Midsummer Century (James Blish)

The average quality of this work perhaps can be excused by the fact that during the early 70s Blish was chronically ill (he died in 1975 from lung cancer). But unless you are a dedicated fan of Mr Blish, ‘Midsummer’ is best passed over by those looking for memorable works from this era. This book actually contains one novella-length story, “Midsummer Century,” and two short stories: “Skysign” and “A Style in Treason.” In “Midsummer Century,” a scientist troubleshooting a radio telescope, falls (what a surprise!) into the antenna and, due to a construction error, has his consciousness projected 23,000 years into the future.

(This used to be a serious hazard for characters in science fiction/fantasy stories) He finds birds have evolved intelligence and now dominate most of the planet, and he’s now a disembodied mind in an artificial system that has become an oracle to the last remnants of humanity. The world this story is set in is inventive, and the plot takes some surprisingly philosophical turns, although it does get a bit rushed towards the end. Blish’s writing is occasionally a bit overwrought, but not enough to be distracting. On the whole this isn’t at all the sort of cynical, political science fiction I normally associate with the 1970s.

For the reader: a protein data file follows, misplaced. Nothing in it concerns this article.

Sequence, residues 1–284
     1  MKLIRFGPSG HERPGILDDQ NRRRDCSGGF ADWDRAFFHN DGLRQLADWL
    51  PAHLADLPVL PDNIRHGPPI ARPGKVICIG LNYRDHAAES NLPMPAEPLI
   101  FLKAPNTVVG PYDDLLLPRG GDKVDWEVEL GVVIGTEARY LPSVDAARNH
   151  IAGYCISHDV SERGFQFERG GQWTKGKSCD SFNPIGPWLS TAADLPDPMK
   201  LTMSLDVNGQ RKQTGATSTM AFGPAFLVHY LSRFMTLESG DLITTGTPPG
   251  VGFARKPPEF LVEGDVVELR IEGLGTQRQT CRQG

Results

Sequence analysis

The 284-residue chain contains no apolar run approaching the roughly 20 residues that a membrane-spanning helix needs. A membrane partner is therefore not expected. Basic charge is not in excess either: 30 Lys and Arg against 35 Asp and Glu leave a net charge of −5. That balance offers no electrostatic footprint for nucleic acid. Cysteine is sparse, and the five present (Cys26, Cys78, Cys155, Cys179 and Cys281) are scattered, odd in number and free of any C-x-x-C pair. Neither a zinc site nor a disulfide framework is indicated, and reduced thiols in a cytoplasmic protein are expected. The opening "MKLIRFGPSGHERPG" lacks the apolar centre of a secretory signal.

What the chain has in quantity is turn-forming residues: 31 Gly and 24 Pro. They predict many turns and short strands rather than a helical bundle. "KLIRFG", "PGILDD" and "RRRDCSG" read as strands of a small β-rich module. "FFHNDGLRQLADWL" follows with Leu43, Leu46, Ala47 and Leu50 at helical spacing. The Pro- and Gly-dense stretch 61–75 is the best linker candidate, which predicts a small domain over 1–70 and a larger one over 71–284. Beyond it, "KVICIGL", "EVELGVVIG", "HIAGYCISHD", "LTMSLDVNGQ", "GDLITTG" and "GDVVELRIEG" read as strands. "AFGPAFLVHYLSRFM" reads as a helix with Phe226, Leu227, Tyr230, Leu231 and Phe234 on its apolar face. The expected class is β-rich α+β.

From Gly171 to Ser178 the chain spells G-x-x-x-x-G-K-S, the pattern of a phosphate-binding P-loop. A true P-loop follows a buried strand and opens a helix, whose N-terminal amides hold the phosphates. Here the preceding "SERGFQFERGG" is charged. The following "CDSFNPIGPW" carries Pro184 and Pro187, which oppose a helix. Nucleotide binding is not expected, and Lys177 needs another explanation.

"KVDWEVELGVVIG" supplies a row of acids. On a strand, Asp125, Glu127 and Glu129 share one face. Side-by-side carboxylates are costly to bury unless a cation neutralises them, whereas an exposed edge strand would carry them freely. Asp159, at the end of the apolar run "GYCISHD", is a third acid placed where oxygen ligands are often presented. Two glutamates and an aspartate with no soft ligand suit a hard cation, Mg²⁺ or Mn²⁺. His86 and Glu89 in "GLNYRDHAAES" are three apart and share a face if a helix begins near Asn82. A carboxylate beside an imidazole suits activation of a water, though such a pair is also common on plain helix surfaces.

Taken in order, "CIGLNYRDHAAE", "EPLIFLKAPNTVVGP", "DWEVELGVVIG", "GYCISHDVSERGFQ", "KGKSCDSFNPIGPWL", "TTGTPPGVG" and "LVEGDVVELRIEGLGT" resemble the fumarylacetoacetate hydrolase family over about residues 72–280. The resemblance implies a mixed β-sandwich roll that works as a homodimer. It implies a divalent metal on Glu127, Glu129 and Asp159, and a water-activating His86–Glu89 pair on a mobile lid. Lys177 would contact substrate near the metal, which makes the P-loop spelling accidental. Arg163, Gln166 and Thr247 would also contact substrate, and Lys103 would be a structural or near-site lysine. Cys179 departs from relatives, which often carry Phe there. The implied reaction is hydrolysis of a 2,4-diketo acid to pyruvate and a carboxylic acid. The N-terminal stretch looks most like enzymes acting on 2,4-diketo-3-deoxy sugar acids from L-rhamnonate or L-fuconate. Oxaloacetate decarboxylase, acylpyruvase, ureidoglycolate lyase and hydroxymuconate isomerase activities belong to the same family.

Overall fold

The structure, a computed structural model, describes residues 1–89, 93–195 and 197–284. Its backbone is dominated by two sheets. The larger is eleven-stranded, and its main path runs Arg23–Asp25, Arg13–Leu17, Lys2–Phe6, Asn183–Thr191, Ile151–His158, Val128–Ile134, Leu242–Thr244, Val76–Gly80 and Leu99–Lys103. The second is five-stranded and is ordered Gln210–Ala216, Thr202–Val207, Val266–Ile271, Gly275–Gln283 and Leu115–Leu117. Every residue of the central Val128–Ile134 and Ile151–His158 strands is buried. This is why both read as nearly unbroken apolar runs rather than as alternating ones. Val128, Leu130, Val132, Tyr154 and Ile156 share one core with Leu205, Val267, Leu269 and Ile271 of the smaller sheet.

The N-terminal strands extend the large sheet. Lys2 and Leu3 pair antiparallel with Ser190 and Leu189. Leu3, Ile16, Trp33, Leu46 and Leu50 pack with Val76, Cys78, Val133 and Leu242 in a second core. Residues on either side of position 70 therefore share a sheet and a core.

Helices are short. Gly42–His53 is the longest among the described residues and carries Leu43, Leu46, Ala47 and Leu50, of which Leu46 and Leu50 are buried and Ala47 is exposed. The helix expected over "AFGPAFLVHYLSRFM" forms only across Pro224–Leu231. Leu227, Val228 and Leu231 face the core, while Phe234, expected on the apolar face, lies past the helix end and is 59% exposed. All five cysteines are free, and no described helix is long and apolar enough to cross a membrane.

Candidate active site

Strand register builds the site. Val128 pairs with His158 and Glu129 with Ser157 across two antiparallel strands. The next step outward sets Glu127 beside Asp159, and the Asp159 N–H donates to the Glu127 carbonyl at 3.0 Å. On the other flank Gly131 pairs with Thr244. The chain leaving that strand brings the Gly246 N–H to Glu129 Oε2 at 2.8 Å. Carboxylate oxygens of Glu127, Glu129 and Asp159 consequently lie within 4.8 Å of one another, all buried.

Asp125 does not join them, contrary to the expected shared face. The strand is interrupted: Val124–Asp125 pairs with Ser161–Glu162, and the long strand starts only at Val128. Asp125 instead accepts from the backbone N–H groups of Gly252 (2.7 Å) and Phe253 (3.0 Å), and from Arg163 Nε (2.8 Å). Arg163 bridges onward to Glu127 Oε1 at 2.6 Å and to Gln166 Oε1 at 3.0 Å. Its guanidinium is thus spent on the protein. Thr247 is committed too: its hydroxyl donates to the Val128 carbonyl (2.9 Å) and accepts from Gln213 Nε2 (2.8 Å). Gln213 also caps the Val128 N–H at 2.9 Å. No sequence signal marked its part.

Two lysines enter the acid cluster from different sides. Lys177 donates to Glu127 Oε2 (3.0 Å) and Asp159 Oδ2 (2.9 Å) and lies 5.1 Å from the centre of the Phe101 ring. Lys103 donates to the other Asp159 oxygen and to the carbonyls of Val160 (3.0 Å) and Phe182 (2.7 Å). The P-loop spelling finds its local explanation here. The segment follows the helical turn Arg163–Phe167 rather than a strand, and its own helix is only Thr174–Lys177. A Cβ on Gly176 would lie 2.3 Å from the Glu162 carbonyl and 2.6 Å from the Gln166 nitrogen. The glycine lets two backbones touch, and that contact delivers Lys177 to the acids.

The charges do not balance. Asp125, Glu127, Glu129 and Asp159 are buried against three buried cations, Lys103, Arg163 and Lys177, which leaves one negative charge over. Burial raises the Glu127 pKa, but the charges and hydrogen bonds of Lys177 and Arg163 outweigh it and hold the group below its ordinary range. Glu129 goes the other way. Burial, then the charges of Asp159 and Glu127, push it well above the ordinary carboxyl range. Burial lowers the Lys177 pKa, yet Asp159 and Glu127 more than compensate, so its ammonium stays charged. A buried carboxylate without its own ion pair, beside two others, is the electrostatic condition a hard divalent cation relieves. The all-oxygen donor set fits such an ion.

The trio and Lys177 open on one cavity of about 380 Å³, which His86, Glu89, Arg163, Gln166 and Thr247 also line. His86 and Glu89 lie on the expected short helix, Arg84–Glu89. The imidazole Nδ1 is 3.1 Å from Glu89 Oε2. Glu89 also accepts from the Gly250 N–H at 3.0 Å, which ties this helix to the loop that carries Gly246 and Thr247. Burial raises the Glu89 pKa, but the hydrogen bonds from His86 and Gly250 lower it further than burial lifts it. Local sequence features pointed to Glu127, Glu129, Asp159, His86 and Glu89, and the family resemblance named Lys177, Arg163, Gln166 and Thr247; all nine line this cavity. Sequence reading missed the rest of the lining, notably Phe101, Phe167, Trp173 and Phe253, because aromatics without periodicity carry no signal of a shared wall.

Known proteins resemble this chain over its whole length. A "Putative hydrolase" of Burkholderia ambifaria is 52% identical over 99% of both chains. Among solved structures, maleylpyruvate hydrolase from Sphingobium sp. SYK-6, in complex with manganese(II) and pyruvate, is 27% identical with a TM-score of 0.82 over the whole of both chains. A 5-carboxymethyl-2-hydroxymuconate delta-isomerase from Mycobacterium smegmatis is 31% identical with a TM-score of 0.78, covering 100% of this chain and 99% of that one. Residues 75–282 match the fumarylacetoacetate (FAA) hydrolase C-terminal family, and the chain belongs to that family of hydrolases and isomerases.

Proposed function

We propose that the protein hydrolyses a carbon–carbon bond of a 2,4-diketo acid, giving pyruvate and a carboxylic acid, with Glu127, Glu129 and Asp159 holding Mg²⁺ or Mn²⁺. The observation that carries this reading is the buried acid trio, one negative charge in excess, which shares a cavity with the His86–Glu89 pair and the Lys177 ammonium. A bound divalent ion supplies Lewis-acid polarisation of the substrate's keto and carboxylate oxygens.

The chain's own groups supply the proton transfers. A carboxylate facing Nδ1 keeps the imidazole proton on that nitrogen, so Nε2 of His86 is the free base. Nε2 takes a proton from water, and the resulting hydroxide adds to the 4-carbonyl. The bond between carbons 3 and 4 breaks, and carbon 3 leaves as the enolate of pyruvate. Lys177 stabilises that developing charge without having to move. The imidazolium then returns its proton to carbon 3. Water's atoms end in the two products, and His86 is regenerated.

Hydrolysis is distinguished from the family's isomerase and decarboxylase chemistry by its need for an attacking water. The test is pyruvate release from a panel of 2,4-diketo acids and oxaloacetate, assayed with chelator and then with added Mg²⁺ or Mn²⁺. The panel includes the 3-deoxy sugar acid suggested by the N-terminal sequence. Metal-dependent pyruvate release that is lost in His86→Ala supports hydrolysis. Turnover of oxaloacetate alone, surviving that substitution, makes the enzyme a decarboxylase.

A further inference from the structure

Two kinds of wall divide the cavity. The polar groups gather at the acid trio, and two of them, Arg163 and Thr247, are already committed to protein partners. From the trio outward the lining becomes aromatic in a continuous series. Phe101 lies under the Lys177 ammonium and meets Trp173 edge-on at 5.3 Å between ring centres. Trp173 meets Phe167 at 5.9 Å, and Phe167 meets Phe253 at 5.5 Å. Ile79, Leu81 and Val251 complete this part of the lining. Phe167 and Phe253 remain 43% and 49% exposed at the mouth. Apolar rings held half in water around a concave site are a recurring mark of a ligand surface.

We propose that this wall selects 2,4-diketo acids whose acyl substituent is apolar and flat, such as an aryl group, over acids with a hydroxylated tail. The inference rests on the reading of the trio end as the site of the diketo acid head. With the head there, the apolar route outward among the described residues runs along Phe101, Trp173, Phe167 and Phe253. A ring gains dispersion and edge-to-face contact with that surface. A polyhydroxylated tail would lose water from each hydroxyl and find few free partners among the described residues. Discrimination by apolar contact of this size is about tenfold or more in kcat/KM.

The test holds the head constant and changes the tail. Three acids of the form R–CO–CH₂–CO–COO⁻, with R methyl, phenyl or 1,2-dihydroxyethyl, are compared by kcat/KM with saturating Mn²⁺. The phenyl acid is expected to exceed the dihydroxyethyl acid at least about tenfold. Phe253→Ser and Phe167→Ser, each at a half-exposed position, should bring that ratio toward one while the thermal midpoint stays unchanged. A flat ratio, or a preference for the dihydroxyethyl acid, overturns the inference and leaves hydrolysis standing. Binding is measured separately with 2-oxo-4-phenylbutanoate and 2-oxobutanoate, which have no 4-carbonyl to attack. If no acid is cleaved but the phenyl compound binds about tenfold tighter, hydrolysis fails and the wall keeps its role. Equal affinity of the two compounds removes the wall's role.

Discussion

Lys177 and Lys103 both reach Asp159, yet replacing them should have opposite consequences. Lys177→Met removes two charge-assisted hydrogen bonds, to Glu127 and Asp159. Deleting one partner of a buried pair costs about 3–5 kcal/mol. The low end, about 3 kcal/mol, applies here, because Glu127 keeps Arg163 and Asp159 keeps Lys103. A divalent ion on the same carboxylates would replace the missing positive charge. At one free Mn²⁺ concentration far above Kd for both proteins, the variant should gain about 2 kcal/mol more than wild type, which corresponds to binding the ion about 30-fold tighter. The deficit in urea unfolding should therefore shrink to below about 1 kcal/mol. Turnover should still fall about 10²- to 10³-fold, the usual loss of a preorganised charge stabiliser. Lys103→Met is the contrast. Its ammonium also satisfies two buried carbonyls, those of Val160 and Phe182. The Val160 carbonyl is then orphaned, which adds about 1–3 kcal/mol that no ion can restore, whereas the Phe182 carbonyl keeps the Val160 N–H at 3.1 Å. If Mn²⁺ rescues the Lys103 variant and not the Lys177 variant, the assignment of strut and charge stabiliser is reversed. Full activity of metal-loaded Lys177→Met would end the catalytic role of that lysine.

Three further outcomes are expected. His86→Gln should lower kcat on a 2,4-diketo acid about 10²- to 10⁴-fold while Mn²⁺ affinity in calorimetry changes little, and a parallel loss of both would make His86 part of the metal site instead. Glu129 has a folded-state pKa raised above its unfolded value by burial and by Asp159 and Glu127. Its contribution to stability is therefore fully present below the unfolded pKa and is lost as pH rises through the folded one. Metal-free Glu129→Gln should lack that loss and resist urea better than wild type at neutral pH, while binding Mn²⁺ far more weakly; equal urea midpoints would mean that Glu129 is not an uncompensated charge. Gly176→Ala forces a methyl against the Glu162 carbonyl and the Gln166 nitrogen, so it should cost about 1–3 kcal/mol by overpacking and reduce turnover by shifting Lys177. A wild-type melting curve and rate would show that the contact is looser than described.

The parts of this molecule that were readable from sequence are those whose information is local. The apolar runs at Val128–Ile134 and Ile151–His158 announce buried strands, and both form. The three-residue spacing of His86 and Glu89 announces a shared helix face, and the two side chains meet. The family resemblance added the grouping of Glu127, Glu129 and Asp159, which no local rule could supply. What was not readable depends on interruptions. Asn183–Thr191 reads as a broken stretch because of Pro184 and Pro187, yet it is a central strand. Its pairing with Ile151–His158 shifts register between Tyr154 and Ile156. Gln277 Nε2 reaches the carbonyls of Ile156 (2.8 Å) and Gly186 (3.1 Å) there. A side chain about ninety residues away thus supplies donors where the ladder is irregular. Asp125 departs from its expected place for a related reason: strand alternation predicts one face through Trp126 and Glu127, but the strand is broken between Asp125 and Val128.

Of the two short stories, “Skysign” is the lesser work. Written in 1968, it’s a short story about a Tolkien-obsessed hippie who is abducted by aliens and attempts to take over their ship. It reads like a collection of 1960s tropes, and the lack of any sympathetic characters made it rather uninteresting to me. “A Style in Treason,” about a professional traitor, is more successful; it’s creative and suspenseful and reminded me vaguely of Harry Harrison’s “Stainless Steel Rat” character. Surreal, beautiful and often very creepy, this book manages to fit into 110 pages what most novels take three or four hundred to achieve.

Stemming from the era in science fiction which produced such surrealism as Moorcock’s The Shores of Death, and such post-apocalyptic films as “Logan’s Run” and “The Omega Man”, “Midsummer Century” provides a view into a world so far in the future, and so changed as to be unrecognizable. Blish’s matter-of-fact, event-driven writing bleaches emotional context from the prose: this technique serves only to highlight it in the mind of the reader. The book achieves maximum impact through its minimalist style; the images it generates are profound, and not easily forgotten. But it lacks any spark of greatness so I wouldn’t recommend this.


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